To see all of the active screen sessions, you can use
screen -list, which will show active and detached sessions. To connect to a detached session, you can use
screen -r and the
pid.session name listed in the
screen -list output. In the following example, there are five screen sessions running. One of them is detached.
[user@server ~]$ screen -list There are screens on: 24565.pts-1.server (Attached) 24581.pts-2.server (Attached) 24597.pts-3.server (Attached) 24549.pts-0.server (Attached) 24613.pts-4.server (Detached) 5 Sockets in /var/run/screen/S-user.
screen -x can be used to connect to a currently attached session. In the following example, a connection to session 24565 is made:
[user@server ~]$ screen -x 24565
If you need access to a full graphical desktop environment remotely, there are a number of packages that can accomplish this. The package
tigervnc-server is useful for connections to a remote machine providing a full Linux desktop experience. To set up and install the package, perform the following steps.
First, run the following command to install the package:
[root@server ~]# yum install tigervnc-server
Once the package is installed, you need to edit the file
VNCSERVERS line establishes the user accounts that you want to enable the VNC server for and their display number. In the example below, the user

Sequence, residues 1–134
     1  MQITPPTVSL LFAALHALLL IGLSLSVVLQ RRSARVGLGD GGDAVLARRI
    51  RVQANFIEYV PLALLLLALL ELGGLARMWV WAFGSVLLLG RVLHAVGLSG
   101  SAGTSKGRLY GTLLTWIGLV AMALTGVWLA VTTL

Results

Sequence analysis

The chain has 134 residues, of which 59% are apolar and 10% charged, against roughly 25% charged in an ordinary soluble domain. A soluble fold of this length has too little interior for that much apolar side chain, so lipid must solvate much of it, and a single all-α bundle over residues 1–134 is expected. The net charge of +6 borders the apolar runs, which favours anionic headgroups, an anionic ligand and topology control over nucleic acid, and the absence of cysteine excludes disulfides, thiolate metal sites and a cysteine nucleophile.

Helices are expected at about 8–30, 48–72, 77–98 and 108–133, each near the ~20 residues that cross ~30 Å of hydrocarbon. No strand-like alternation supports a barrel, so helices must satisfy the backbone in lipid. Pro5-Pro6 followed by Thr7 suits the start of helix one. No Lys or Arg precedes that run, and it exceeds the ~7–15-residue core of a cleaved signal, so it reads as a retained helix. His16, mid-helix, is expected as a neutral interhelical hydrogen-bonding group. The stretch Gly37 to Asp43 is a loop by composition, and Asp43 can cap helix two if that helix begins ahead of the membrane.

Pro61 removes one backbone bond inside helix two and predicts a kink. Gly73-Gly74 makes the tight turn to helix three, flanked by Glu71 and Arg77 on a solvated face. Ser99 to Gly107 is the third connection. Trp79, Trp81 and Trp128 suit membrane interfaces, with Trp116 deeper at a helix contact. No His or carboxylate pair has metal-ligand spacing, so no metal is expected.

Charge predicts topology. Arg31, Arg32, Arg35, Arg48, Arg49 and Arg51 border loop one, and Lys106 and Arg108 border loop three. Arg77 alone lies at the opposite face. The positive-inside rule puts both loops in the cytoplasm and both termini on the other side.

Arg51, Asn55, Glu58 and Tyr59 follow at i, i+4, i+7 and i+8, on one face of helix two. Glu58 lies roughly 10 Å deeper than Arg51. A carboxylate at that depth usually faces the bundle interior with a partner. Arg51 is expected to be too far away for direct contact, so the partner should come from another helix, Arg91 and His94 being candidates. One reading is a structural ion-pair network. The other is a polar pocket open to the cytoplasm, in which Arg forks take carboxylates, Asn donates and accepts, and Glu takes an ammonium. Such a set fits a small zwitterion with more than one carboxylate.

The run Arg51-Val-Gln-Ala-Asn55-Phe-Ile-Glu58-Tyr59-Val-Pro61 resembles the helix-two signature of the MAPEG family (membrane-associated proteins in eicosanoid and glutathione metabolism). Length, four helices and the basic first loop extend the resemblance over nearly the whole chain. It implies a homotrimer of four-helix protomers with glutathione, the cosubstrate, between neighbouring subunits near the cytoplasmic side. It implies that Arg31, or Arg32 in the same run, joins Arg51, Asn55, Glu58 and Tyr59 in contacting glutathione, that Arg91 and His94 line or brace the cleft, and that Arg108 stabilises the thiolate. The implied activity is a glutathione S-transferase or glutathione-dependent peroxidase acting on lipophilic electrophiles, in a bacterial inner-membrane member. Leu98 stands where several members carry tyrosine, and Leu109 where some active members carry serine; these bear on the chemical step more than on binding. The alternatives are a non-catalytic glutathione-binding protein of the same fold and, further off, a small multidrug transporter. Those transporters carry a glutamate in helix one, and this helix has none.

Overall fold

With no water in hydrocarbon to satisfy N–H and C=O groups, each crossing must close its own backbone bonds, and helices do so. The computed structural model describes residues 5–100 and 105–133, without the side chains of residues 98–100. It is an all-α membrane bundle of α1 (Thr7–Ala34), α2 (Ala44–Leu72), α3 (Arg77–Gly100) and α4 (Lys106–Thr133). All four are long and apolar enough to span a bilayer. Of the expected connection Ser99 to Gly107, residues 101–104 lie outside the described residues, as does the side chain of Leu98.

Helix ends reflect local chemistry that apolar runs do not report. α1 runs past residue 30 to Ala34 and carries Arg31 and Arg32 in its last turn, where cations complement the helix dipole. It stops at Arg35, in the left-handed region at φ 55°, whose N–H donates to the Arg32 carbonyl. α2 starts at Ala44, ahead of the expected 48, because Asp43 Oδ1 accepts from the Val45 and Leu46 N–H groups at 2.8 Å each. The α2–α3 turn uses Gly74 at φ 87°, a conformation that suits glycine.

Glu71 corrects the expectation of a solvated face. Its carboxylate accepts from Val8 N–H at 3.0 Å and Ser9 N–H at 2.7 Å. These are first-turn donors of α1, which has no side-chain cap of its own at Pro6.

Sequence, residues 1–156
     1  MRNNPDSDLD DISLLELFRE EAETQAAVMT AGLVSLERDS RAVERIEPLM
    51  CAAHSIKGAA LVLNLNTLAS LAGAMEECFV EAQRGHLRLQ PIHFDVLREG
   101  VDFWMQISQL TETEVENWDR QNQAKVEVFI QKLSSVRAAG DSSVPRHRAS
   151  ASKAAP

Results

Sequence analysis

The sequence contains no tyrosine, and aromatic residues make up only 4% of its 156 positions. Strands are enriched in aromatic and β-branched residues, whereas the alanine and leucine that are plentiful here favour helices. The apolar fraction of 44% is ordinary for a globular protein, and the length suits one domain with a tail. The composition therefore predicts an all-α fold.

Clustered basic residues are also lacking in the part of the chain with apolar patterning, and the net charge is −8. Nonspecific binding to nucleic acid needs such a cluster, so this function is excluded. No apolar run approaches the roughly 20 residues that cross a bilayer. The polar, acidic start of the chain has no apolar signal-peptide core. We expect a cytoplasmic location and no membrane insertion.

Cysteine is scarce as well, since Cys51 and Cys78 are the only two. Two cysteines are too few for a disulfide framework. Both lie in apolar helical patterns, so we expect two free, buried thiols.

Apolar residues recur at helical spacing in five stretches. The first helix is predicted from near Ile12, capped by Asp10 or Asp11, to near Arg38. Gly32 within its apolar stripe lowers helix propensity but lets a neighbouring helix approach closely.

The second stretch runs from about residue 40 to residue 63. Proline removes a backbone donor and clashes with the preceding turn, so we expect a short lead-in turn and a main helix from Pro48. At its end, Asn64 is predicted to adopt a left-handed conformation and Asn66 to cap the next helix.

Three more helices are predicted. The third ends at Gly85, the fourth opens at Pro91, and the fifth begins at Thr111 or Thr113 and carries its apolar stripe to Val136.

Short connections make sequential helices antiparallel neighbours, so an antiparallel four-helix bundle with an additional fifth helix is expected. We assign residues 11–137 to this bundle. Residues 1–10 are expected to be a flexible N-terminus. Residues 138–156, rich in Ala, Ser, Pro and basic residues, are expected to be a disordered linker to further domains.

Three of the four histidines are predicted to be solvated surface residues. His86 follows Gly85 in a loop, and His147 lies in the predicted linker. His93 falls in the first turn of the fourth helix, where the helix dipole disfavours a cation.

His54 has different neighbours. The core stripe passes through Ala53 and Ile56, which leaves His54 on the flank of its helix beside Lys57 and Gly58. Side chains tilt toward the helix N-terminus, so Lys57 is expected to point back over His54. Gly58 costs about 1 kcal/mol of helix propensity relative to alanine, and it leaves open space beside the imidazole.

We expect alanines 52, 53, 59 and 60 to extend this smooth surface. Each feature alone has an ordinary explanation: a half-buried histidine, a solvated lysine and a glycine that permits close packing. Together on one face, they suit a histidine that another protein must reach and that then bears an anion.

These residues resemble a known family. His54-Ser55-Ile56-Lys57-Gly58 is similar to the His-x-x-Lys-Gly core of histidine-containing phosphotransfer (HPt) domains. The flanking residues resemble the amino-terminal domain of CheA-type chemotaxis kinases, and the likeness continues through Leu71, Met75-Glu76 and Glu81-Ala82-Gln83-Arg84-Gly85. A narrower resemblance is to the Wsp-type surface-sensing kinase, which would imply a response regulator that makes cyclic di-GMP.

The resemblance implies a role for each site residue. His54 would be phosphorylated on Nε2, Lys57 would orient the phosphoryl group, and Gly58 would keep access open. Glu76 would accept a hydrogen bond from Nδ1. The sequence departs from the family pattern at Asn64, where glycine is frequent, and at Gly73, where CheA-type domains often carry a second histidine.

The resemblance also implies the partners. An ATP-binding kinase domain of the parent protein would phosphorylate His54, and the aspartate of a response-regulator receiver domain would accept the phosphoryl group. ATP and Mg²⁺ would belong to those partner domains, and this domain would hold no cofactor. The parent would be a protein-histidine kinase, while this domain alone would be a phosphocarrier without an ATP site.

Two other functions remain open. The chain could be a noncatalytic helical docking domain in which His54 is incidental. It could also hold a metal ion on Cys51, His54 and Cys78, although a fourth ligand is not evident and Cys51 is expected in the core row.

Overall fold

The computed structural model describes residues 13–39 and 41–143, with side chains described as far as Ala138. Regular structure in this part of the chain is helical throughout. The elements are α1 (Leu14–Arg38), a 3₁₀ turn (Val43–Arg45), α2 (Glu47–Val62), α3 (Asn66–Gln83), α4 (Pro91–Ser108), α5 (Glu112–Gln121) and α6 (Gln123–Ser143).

bob is configured for display 2 and the user
sue is configured for display 3. The
VNCSERVERARGS[#] section allows you to specify options for each display. In this example, we are specifying a 1280 x 1024 resolution for display 2 and a 1024 x 768 resolution for display 3:
VNCSERVERS="2:bob 3:sue" VNCSERVERARGS="-geometry 1280x1024 " VNCSERVERARGS="-geometry 1024x768"
/etc/sysconfig/vncservers file has been edited, you need to set passwords for each user account. This is accomplished with the
vncpasswd command. In the following example, the user
bob sets a password using the
[bob@server ~]$ vncpasswd Password: Verify:
Once the package is installed, the configuration file is edited, and passwords are set, you are ready to turn on the
vncserver service. The following two commands start the service and set the service to start automatically at the next boot:
chkconfig vncserver on service vncserver start
Once configured and running, you can connect to your Linux system using a standard VNC client. When connecting, be sure to specify the display and password credentials that are needed in order to connect.
I hope these tips and tricks have been useful and that you will take advantage of some of them in the course of your day. We will be publishing more of these tips-and-tricks articles in the future. Feel free to leave a comment for further topics that you would like to see in this series.
About the Author
Robert Chase is a member of the Oracle Linux product management team. He has been involved with Linux and open source software since 1996. He has worked with systems as small as embedded devices and with large supercomputer-class hardware.
About the Photograph
Photograph taken by Rick Ramsey in Durango in the Fall of 2012